4 Top challenges of digital transformation in South Africa

New technologies like cloud computing, artificial intelligence (AI), machine learning, and predictive analytics, continue to disrupt industries.

They promise lower costs and higher productivity but successful digital transformation still seems an elusive goal.

In the latest Mckinsey Global Survey, they found that despite large-scale change efforts the success rate of digital transformation is lower than 30% and it only seems to be getting harder.

This is true among even digitally-savvy industries like media and telecoms. In these industries, the success rate didn’t exceed 26%, although they did far outperform more traditional industries, like automotive, infrastructure, pharmaceuticals, and oil and gas. Here the digital transformation success rate ranged between 4%-11%.

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Despite the low success rates, businesses are continuing to transform their products, services, and business processes in the hope of creating a more digital business.

Successful digital transformation could represent a significant competitive advantage with the promise of greater efficiency, scalable infrastructure, and lower demands on capital and operational expenditure.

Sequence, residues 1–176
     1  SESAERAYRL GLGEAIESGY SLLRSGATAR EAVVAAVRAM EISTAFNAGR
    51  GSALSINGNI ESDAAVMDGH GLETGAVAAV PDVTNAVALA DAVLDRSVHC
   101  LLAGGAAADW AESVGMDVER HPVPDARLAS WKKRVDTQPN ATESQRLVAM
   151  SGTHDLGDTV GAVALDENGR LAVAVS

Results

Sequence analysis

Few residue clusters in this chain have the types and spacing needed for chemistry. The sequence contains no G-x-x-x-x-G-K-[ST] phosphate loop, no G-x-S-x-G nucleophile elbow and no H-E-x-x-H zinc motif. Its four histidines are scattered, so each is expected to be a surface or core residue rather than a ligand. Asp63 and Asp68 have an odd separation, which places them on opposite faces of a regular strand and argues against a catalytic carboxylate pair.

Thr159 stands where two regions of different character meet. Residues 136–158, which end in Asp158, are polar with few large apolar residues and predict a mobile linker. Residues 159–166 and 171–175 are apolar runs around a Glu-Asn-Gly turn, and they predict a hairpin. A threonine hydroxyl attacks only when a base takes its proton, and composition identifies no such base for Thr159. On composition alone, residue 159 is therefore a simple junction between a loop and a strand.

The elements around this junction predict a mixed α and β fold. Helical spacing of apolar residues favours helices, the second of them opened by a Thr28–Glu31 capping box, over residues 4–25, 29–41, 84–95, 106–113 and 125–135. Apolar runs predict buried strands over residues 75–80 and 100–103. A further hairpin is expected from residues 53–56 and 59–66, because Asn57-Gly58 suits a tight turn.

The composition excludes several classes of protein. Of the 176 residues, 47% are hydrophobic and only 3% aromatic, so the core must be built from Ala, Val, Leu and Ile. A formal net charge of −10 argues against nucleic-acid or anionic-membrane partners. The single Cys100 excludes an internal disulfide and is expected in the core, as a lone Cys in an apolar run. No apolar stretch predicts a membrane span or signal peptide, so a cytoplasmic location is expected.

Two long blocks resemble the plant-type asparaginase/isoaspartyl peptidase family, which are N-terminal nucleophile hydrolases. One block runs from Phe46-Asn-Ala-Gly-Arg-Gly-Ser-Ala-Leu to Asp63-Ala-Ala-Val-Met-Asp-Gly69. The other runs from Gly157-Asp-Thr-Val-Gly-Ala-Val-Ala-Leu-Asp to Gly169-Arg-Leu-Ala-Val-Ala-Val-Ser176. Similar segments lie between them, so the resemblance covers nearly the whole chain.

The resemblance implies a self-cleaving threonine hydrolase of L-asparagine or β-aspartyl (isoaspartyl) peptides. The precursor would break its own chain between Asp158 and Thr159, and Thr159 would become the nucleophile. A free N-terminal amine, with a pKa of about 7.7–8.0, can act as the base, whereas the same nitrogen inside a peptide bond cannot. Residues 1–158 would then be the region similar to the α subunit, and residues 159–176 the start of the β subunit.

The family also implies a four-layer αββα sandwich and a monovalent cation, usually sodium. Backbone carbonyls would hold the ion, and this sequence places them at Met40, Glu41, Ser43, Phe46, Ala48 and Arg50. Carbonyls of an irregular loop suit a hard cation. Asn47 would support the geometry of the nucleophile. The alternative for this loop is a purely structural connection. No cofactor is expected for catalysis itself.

In this blog, we take a look at the four main challenges South African businesses face on their journey towards digital transformation.

  1. Developing capable leadership

According to a recent online poll of South African businesses conducted by SUSE, 19% of respondents said that a lack of focus from top management was a challenge when it came to digital transformation.

To reiterate this, in a study conducted by Mckinsey they found that having the right, digital-savvy leaders in place was one of the key success factors when it came to digital transformation.

It is clear that leadership plays an important role in the success of digital transformation initiatives. Leaders need to be familiar with digital technologies in order to drive these initiatives forward and should pursue opportunities to gain exposure to new technological developments and examples for their implementation.

Another key factor is the level of commitment from leaders. In instances where people in key roles are more involved in transformation initiatives, success is more likely. 

Generating buy-in from leaders across an organisation not only provides clear direction and focus but the commitment to see the business strategy executed.

2. Upskilling the workforce

In the poll conducted by SUSE, 30% of respondents said that a lack of resources and in-house skills was a challenge to successful digital transformation.

This is reiterated by the Mckinsey study that confirms that developing talent and skills throughout the organisation is one of the most important factors for success in a business’s transformation.

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Just look at mining as an example: 

Machine learning can predict equipment breakages ahead of time with an accuracy that helps avoid downtime and the associated costs, and improves overall safety in the operation.